More than 3 years later, I am married to a wonderful woman with a little girl who calls me dad. This Christmas will be my very first FAMILY CHRISTMAS and my church family gave us a FAMILY BIBLE. I have my driver’s license, attending GED classes, renting a home, have bills to paid (which is a grown-up thing), have a church family, talks to God, do family devotions, attend counseling sessions learning I am not a dumb loser, read the bible all the was through (I can read now), am one of the ground keepers for my wife’s employer (have to work Sundays but host a WE CARE group on Mondays), and I smile a lot.
I asked my pastors not to use my name if I wrote this because of fear of something or someone from my past. But I know now perfect love casts out all fear, so my name is Mark and I am a life changed by Jesus Christ using your crumbs. After my baptism, your crumbs helped lift me up and gave me a foundations so I could work on establishing a foundation with God. Please realize your crumb donations are life savers. Not only did it help save my life, but it gave me enough dignity to find peace in Jesus!”


Amazing, right? I hope Mark’s story can become a part of yours as well. I don’t really know how OUR collective story will go, but I know the end of our story is victory.

Pickiest. Eater. Ever.

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How did we get here again? I just finished an hours’ worth of food preparation for a food I THOUGHT my picky eater would really like. I dreamed of him coming to the table and his eyes opening wide in surprise and delight. I actually envisioned a huge smile crossing his face, and lots of compliments like, “Wow, Mommy! This looks GREAT! Thank you SO MUCH!”

Haha. I know. It’s funny, right? Later (much later) I, too, had a good laugh at my foolishness.

But after an hour of painstakingly preparing these adorable little apple snacks, I spent the next hour listening to my son complaining about how yucky they are, and to whining about how there’s no WAY he could ever eat them. After 15 minutes of being his perky cheerleader, forcing a smile and encouraging him along, I grew weary and began pleading. Begging. Bribing. 10 minutes into that, we progressed to the next level. Demanding. “I don’t care if you like it or not. That’s what I made, so if you want dinner, that’s what you need to eat.” This was followed by tears. Full out sobbing and crying, (while also trying to incoherently speak about the tragedy of it all.) Then we progessed to the final level. Threatening. Miraculously, I am still calm at this point, so I firmly announce, “We were going to do a firepit and smores tonight, but you will not be getting any if you don’t eat these.” This was his last straw. Realizing the severity of the situation, he (while continuing to sob) attempts to put a speck of a speck of apple in his mouth. This of course results in literal gagging, accompanied by large burps, and finally, throw-up. Seriously.

I realize now that I can pinpoint specific stages of my situation.

  1. Denial. (“He will just LOVE these!”)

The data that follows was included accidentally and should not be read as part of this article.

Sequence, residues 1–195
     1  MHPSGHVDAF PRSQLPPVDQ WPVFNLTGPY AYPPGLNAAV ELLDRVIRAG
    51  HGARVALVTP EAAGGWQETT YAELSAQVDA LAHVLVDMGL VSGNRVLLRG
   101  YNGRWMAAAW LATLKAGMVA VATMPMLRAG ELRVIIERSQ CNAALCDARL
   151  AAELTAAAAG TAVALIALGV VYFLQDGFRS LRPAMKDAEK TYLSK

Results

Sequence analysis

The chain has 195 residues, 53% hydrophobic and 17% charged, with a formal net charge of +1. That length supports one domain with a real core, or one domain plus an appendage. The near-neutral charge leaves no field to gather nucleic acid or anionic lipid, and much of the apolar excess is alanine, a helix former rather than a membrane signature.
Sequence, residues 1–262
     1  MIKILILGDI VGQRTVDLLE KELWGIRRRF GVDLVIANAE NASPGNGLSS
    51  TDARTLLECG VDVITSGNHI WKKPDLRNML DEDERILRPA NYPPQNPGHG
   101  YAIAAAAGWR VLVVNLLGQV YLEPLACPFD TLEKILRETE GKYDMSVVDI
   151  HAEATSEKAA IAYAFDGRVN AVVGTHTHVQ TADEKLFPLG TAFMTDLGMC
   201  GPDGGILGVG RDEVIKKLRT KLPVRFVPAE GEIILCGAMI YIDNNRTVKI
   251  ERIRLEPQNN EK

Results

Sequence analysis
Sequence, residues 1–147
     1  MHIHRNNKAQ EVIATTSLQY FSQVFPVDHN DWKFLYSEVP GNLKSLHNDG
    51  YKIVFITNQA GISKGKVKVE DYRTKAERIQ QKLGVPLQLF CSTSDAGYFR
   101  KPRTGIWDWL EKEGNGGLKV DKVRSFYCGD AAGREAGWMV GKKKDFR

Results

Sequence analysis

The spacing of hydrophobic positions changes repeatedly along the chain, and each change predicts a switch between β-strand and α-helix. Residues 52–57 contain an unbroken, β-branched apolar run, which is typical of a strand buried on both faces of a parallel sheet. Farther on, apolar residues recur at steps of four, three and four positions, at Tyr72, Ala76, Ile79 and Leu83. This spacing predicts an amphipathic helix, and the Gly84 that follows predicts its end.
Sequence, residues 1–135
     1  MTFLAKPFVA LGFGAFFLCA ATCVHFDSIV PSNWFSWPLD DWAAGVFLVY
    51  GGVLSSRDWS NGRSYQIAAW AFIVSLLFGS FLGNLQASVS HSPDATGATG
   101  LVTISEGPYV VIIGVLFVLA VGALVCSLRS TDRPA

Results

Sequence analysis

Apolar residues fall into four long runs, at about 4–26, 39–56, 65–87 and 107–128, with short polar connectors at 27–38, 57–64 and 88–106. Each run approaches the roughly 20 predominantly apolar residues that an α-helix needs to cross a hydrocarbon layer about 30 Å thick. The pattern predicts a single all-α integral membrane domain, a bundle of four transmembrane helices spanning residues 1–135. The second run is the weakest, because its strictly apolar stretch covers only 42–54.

2. Confusion. (“What? Why isn’t he eating? I don’t get it… it’s not asparagus or lima beans or peas. It’s just apples, peanut butter, and marshmallows, all of which he likes. What went wrong here?”)

  3. Anger. (“There is NO reason you cannot eat this! You like all that stuff! Why all this drama? This is ridiculous!”

  4. Grief. (“OH, you think YOU feel like crying???”)

  5. Acceptance. (I dissassemble the whole thing, wipe the peanut butter off each apple with a napkin, remove every speck of skin from each thin apple sliver, and finally he can choke it down.)

This is, by no means, the first time a scene like this has played out at our house. Take a look at these. I thought for SURE this would be a winner. Not only was it all food he likes, but also in the shapes of his favorite characters, Phineas and Ferb.

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Nope. Bread is too flat (hence the name “flatbread”) and too squished. Not sure why I keep putting us both through all of this. There are so many other things I could have been doing in the several hours I spent looking online for cute ideas, shopping for ingredients, preparing the snack, then begging him to eat it. I don’t want my time with my kids to be spent that way. So my kid doens’t want his food to touch. Fine. A spoonful of peanut butter and an applesauce cup it is. Then let’s get on with life. We’ve got playing to do.

64 Simple Steps

If you’ve ever stood in the make-up aisle, seen a commercial, or glanced through a beauty magazine (or any magazine!) you know what I’m talking about. The infinite steps required to make you beautiful.

It’s so simple, really. First you remove the facial peel and replenishing night cream (that you hopefully applied the night before), wash, exfoliate, apply a facial oil (with age fighting ingredients like retinol and vitamin C) to your dry areas, a tone correcting cream (with soy and vitamin A) to your age spots, and an acne treatment (with allonin) on your acne prone areas. Then add a moisturizer with SPF or a BB or CC cream with SPF (that both corrects redness and protects skin from UV rays).